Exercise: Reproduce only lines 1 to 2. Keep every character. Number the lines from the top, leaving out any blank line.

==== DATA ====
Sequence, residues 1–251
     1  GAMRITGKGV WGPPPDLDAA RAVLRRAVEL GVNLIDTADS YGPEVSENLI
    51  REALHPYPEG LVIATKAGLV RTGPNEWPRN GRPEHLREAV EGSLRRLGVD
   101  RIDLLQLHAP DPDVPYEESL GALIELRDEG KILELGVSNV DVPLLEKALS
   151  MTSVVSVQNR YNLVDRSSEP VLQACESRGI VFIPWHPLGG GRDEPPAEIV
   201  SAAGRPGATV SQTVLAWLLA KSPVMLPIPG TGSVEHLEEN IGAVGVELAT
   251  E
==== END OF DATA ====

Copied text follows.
Sequence, residues 1–251
     1  GAMRITGKGV WGPPPDLDAA RAVLRRAVEL GVNLIDTADS YGPEVSENLI